Friday, March 10, 2006

Questions of collusion need to be addressed

Jim Gibney:

What kind of government kills the citizens it has a duty to protect?

What kind of government covers up these killings?

What kind of government protects those involved in the killings?

What kind of government does all of this in the name of defending democracy against terrorism?

These are just some of the questions the British government needs to address following a series of recent articles in local newspapers exposing the links between loyalists and state agencies and the use of those loyalists in a murder campaign against nationalists.

Over the last month former security correspondent with the BBC in Belfast, Brian Rowan, has written about the war waged by Britain's intelligence agencies.

Rowan is well placed to write on this subject. For 20 years his work brought him into regular contact with the higher echelons of the RUC/PSNI's Special Branch and the leadership of loyalism.

For years nationalists and republicans have highlighted the organic link between the crown forces and loyalist death squads.

Their assertions have been backed by some very senior people.

In his last report into the killing of Pat Finucane, Sir John Stephens, former head of London's Metropolitan Police, confirmed collusion. In a special investigation Canadian Judge, Peter Cory, concluded similarly.

In his report into those behind the Dublin and Monaghan bombings Judge Barron connects loyalists and British intelligence agencies to the outrage. In their attempt to frustrate Barron's investigation the British government refused to hand over their intelligence files to assist him.

A few weeks ago an article in this newspaper claimed that Torrens Knight, sentenced in 1993 for killing 12 Catholics in two gun attacks, was working with the Special Branch and was paid £50,000 a year.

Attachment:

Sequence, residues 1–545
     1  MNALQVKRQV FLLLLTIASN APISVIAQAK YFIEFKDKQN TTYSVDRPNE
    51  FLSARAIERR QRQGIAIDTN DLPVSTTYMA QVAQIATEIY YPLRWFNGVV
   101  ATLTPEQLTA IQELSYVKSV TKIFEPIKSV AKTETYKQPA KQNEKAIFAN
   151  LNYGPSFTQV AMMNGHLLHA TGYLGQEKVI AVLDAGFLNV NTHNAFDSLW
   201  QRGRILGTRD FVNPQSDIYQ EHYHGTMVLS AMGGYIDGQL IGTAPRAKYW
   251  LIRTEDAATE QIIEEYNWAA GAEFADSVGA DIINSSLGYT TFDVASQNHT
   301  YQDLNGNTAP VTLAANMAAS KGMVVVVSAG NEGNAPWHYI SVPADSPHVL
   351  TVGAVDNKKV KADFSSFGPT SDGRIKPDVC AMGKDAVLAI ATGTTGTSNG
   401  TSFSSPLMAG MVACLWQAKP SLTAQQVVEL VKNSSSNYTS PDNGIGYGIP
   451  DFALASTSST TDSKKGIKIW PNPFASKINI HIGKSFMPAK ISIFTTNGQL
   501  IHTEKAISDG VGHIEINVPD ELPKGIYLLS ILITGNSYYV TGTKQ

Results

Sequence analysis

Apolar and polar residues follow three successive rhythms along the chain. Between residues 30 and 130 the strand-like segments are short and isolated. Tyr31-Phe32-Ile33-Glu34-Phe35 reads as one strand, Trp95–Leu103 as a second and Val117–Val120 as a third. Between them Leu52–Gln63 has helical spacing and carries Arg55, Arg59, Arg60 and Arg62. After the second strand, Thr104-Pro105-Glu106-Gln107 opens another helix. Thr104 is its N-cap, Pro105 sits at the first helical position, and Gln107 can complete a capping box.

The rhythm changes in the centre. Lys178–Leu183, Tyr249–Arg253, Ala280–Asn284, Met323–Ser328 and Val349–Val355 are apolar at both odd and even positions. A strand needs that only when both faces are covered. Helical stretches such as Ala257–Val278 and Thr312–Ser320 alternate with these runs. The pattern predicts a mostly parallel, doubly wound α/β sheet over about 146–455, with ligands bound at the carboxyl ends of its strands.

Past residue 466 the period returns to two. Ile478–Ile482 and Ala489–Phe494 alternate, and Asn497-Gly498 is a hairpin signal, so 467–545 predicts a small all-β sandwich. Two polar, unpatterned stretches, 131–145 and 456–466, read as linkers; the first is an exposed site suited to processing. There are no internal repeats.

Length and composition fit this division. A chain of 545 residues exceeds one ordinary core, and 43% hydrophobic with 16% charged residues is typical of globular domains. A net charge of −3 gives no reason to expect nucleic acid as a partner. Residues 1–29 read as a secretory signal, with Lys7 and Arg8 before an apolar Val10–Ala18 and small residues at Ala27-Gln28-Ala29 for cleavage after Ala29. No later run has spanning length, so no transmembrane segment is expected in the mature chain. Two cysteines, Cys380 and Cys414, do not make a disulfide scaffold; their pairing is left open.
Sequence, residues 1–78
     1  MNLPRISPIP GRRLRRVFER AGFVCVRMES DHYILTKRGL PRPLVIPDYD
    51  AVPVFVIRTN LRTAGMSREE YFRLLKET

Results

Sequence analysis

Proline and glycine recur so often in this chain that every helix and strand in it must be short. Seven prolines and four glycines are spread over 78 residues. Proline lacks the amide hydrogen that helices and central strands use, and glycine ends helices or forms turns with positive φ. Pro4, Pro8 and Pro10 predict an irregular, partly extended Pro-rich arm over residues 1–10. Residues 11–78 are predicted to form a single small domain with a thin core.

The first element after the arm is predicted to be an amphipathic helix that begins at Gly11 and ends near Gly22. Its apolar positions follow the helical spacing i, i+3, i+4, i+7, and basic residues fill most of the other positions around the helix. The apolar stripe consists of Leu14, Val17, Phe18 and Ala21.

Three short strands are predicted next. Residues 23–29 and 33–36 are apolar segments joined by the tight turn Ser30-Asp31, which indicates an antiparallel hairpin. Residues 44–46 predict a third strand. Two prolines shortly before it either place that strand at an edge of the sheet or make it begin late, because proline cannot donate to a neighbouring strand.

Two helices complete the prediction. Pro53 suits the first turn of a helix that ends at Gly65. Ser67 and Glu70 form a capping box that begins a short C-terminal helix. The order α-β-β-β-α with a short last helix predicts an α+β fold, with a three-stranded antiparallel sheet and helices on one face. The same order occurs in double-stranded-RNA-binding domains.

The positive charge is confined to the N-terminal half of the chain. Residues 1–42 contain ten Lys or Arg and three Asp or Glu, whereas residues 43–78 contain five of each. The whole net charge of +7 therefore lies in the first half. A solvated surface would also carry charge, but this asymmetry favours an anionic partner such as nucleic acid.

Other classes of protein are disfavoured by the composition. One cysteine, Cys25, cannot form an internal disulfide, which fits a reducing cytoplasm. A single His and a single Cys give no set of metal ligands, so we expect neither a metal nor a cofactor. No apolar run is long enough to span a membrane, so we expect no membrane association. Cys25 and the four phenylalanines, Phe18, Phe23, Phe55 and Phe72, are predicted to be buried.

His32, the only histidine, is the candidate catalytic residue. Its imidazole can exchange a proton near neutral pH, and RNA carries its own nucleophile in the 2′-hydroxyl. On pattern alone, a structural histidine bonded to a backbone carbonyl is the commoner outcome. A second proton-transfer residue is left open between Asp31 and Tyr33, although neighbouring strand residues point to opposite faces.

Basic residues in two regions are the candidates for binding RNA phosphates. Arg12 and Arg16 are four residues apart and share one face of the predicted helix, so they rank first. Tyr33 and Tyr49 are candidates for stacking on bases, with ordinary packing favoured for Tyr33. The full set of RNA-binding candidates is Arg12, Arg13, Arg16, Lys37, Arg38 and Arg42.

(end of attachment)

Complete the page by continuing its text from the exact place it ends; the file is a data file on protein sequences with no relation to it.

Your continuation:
Last week the family of David McIlwaine, killed with his friend Andrew Robb in Tandragee in February 2000 by the UVF, said they believed one of those involved in killing the two teenagers was an agent being protected by the police.

In an article in the Irish Times in February, Rowan stated that a report complied by the Ombudsman, Nuala O'Loan – yet to be published – says that the Special Branch ran a 'series of agents' who were involved in a 'series of murders'.

He described a briefing he received from an intelligence source which identified former and current loyalist agents. One of these men is at the centre of O'Loan's report, another a senior figure in the UVF and a third sits on the UDA's Inner Council.

In a Belfast paper Rowan named John White as the Special Branch agent under scrutiny by O'Loan.

White operated at the highest level of the UDA, their 'Inner Council'.

There was no-one closer to Johnny Adair. During their reign of terror on the Shankill Road in charge of the UDA's 'C' company many Catholics and Protestants were killed.

Following the INLA's killing of the notorious Catholic killer, Billy Wright, the Red Hand Defenders, a cover name for the UDA, killed many Catholics. It is widely believed that 'C' company carried out the killings in Belfast.

The catalogue of death contained in these newspaper articles is a small sample of the murder campaign by loyalists.

And right at the heart of this activity is the hand of the RUC/PSNI Special Branch and military intelligence.

The scale of their involvement with loyalists is endemic. It is institutional. Words like 'agent', 'informer' and indeed 'collusion' do not accurately reflect the relationship. It goes beyond these descriptions.

The Special Branch and military intelligence created a space for loyalists to act where they could not.

They organised loyalists as an 'unofficial', 'undeclared' arm of the British government.

They were a deadly extension of state repression.

The purpose behind their murder campaign was to demoralise the nationalist population, to divert a democratic struggle into a sectarian 'tit-for-tat' war.

Loyalists are not informers or agents but servants of a British government strategy.

The political crisis at the heart of this issue, for the British government, is the linkage between the loyalist killers, the intelligence agencies and those in government who set the policy which led to hundreds of people being killed.

No stomach for facing down DUP

Allegations Shoukri stole £20k from UDA

SDLP councillor defends his vote against unity

Not facing the truth but dodging the question

Concerns as PSNI plans to use Taser stun guns

Sinn Féin urges joint decision making if DUP continues to refuse power sharing

Failed NIO notion keeps north polarised

Council votes to support Irish unity

Facing the truth

All-island body 'would benefit north's economy'


Post a Comment

<< Home